We were surprised by how many of you were interested in the Left Behind video game scheduled to release in a few months. With this widespread interest, why isn’t the video game industry creating more religious video games?
Chris Morris of CNN recently investigated this. After interviewing video game makers, he discovered a simple answer: they just don’t know how to do it.
Two problems come up when trying to create a religious game: angry religious people and characters that can’t truly be heroes.
Many game makers commented that accurately portraying Biblical people and places becomes an issue when creating a religious video game. People become upset when the game they are playing doesn’t accurately portray their religious concepts. Even differences between Protestants and Catholics could upset one side or the other. Most video games play off fantasy, but since people take religion seriously, a game cannot carry the same fantastical themes. Instead, it must be based in the truths religious people already have in their heads. Also, people don’t want to see the Bible characters they idolize to be faced with moral choices that could have potentially bad consequences. People like Moses, David, and Abraham cannot be created as characters with choices because if they make choices that would stray from the Biblical story, people get angered.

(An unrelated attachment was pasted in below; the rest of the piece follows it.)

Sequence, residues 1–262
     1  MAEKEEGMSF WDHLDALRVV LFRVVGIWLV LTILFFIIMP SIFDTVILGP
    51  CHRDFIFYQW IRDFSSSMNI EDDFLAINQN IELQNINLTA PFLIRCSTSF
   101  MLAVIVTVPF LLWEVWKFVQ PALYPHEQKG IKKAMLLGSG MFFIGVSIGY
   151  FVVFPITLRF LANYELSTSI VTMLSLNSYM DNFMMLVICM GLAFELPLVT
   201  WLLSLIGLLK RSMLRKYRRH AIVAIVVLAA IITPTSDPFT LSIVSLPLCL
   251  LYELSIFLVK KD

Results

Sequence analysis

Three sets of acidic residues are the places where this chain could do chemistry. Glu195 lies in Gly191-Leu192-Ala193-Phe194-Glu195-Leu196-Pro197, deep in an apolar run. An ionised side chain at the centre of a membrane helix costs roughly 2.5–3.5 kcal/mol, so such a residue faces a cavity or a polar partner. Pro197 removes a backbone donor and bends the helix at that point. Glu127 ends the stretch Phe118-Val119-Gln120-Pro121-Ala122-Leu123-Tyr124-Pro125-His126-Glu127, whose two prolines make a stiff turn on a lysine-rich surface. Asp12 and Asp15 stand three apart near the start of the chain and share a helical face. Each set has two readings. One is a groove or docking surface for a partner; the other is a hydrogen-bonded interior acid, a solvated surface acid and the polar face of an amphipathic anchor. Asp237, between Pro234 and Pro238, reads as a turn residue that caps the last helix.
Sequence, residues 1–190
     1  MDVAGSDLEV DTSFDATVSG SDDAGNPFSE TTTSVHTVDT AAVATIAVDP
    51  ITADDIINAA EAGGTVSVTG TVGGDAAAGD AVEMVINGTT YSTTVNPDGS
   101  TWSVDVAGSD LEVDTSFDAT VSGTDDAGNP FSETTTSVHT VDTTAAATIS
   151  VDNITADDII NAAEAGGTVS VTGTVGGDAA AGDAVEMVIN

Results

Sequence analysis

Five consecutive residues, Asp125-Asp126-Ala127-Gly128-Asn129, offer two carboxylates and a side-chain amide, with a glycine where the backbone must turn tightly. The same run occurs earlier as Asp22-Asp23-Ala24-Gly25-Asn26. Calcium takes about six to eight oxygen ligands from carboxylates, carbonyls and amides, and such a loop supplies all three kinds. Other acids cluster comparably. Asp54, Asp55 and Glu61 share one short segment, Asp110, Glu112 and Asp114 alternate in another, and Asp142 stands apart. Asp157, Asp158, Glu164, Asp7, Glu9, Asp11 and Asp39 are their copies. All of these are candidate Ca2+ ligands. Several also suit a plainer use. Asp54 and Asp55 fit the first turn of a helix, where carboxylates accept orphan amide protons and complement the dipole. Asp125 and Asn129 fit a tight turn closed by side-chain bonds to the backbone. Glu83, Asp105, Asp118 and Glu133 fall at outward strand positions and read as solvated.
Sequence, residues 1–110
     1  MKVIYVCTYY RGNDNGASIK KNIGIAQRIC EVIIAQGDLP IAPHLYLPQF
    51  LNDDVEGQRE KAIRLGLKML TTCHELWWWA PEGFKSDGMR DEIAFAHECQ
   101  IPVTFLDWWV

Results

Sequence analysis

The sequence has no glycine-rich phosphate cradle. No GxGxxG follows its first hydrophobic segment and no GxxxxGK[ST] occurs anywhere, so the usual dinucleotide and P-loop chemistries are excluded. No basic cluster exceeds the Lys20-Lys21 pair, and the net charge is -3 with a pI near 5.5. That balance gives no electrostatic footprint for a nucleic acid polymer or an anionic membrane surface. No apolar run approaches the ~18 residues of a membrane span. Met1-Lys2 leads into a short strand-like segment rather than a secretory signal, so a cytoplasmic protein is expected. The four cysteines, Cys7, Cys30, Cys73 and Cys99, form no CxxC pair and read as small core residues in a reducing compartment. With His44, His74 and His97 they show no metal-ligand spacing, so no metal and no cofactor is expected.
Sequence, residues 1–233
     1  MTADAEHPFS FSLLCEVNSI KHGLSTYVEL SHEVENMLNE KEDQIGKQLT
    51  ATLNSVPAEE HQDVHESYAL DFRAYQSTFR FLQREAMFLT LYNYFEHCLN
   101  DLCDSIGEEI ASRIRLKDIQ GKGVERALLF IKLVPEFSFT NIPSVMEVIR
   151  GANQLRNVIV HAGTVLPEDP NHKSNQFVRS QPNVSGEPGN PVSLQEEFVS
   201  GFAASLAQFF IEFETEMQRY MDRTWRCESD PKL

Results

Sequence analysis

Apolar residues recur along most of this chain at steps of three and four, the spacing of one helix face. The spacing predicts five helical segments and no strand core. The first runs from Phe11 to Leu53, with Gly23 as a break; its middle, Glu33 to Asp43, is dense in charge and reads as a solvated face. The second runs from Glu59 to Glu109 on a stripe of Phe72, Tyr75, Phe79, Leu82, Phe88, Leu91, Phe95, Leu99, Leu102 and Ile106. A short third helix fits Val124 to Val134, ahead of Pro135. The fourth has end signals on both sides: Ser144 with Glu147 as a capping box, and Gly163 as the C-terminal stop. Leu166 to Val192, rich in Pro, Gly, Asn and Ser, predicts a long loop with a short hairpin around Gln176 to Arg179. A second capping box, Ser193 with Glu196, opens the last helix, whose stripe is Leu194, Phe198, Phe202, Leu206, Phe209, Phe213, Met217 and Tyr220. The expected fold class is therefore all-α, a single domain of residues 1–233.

The second issue deals with God. Isn’t half the fun of playing the video game acting the hero? Games live out our fantasies of single-handedly saving the world from death, destruction, alien invaders, forty-foot monsters, and demons-sometimes all at the same time. But Bible characters are people following God’s will and really, God is supposed to be the hero. How many people want to play a video game where God rushes in and rescues them from a huge boss or, at the end, God gets the praise. Let’s face it: when we play a video game we want to win and we want all the glory (and the girl) when we do.
Before the video game industry would be able to embrace religion, religion would have to embrace the video game industry. Churches have already begun to implement video, music, and other forms of media, but video games still do not play a role in the religious community. Once they do, religious video games may find a home.